Newsletter Articles from Pastor Marc
 
 

The death of Death in Jesus Christ

While a young mother was changing her two-year-old daughter’s clothes, she heard Bella’s tiny voice.  Pointing to herself, Bella asked, “I cansoo?”  Leslie, Bella’s mother, was used to interpreting her daughter’s attempts at communication, but this word was new.  “Say it again,” Leslie said.  She needed to hear it again in order to make a good translation.  “I cansoo?”  Bella tried the question once more, but still the word was not clear.  Then Bella pointed to the scar on her tiny body that was left when her chemotherapy port had been removed, and said “Port.  Out.  I cansoo?”

Leslie was overcome with the stark reality of the whole situation, but she was able to maintain her composure for the moment.  Leslie said to her little girl, “Bella, are you saying cancer?”  Bella’s eyes widened and she responded, “YeahI cansoo?”  With a lump in her throat, Leslie said, “Yes baby, you have cancer.”


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CHURCH – The Only Sanctifying Community

If the doctrine of justification is the Article upon which the Church stands or falls, then sanctification may be the doctrine which either provides her clothes or leaves her standing there naked. The Church of Jesus Christ is His bride, adorned with His own righteousness and set apart for His intimate affection and care. This truth is the comfort of all who understand themselves to be included among the household of God. Yet, Christ does not merely call the prostituting adulterous bride to wear new labels (justified and sanctified), He also calls her to live accordingly (Eph 4:1; 1 Thess 2:12). Living in light of her new status, the Church of Jesus Christ is declared to be holy and Christ is making her holy by the washing of His word “so that He might present the church to Himself in splendor” (Eph 5:25-27). This loving reconciliation and renewal is challenged by the fact that the visible Church is made up of believers who are still desirous towards sin, and therein lies the difficulty of understanding just how the visible Church may be clothed with righteousness as she stands justified before the watching world. However, a visible Church, full of sanctified believers, arrayed in magnificence and clothed in righteousness for all the world to see is exactly what God has intended the Church do be.


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If God, then why evil?

The Christian Faith has had many antagonists over the centuries, but it seems that the boldest and noisiest adversaries of Christianity in recent decades have been those from an atheistic position. From this vantage point (though atheism is certainly no belvedere), some have postulated the finding of Christianity’s death knell. Feinberg describes the theistic conundrum by citing the philosopher David Hume.

“The problem of evil as traditionally understood in philosophical discussion and debate is stated succinctly in David Hume’s Dialogues Concerning Natural Religion: Is he [God] willing to prevent evil, but not able? then is he impotent. Is he [God] able, but not willing? then is he malevolent. Is he [God] both able and willing? Whence then is evil?”[1]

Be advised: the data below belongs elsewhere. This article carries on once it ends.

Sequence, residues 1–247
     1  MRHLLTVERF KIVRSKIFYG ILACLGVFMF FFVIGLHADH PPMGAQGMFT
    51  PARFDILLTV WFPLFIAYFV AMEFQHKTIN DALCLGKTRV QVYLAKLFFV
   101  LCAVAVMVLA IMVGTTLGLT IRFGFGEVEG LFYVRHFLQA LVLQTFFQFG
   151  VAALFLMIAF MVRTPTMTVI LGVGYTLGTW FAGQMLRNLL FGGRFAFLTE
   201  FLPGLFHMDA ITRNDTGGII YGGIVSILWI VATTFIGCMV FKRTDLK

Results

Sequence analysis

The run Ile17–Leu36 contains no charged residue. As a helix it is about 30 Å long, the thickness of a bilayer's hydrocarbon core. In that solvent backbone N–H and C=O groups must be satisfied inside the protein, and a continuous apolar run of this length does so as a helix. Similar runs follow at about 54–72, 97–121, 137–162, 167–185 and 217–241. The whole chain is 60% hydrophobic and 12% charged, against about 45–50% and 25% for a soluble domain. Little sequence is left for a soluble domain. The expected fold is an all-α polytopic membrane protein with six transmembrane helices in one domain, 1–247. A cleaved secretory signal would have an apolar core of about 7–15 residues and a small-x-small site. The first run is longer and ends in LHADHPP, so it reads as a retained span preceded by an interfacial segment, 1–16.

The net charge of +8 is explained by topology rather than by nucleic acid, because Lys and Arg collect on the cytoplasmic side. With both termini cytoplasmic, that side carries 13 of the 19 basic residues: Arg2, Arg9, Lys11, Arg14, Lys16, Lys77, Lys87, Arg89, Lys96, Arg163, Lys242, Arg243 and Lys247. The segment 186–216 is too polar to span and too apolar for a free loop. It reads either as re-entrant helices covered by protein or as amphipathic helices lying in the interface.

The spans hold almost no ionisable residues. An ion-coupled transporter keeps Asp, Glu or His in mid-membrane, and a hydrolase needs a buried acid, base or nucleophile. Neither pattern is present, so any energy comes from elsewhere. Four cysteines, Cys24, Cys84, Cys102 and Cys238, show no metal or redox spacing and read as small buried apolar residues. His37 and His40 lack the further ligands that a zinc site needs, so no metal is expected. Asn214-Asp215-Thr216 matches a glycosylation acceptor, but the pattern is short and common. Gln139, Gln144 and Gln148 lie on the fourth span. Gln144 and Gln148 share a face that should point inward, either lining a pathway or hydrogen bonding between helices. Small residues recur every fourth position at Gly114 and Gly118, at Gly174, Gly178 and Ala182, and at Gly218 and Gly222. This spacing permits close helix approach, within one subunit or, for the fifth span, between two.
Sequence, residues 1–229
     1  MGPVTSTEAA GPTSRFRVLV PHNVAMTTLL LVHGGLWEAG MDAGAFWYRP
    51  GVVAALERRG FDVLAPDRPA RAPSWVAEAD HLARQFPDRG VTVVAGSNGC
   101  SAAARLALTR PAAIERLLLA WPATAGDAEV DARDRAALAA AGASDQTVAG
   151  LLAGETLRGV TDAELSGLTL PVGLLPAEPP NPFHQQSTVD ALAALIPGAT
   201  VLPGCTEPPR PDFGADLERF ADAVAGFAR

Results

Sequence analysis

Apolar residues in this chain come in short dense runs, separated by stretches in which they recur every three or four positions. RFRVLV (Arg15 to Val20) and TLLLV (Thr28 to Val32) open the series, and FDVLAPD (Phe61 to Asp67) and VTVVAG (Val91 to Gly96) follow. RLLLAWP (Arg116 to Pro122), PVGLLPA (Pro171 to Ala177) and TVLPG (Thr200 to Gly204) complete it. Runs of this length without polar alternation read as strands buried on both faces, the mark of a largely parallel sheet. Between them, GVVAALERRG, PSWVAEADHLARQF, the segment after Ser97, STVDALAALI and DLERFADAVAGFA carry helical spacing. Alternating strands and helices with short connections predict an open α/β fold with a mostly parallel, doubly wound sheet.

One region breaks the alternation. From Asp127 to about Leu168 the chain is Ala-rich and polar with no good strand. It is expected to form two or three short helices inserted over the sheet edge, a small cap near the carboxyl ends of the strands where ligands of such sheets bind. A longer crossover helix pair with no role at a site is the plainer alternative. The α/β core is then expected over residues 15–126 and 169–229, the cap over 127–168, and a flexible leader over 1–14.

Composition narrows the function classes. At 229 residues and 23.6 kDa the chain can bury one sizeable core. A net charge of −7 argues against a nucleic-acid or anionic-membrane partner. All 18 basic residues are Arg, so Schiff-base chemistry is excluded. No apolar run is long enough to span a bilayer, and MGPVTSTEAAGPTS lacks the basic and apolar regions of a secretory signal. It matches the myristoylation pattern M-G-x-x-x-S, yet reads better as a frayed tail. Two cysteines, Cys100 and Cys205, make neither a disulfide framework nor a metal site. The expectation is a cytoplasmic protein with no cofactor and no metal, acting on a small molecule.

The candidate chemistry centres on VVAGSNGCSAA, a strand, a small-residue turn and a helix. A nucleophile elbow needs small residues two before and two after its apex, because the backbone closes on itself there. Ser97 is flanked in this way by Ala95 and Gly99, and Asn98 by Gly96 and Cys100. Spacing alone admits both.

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What is a church?

Some might think this is a silly question.  “Of course,” they might say, “everyone knows what a church is…”  If you Google this question you will read that a church is “a building used for public Christian worship.”  In a sense, it is true that a “church” can be considered a building, but it is certainly more than just a building.

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Motivated for Evangelism

When is the right time to witness to someone?  What does a Christian need to know before witnessing or evangelizing?  Must a Christian wait to witness to someone until he or she is burdened or compelled by some inward sensation?  This question may be phrased in numerous ways and yet ask basically the same thing.  I think asking and answering three larger questions will help us answer these and others more definitively, as well as guide our understanding of evangelism or witnessing in general.


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What does it mean to be Lost?

What does it mean to be Lost?   Usually, in the context of Christianity, one is not speaking of location confusion when using the term lost. To say, “he is lost,” is to say something other than, “he does not know how to make his way from his home to the church building.” The term lost is commonly used in the salvific sense, or regarding a person’s present spiritual condition and eternal destination. Much like a traveler needs to know his or her locale, destination and route in order to make a successful journey, every spiritual pilgrim needs to know his or her spiritual whereabouts, objective and way in order to enjoy the benefits of spiritual triumph.

This question concerning ‘lostness’ may be one of the most important in order to have a better understanding of what it means to be ‘found’ or ‘saved’ in the spiritual sense (i.e. what it means to be a Christian). Essentially, this question is seeking to understand a major difference between those who are Christians and those who are not. There are real distinctions between those who are lost and those who are found, but it is vitally important to know what the actual distinctions are in order to have an appropriate posture towards those in each group. 


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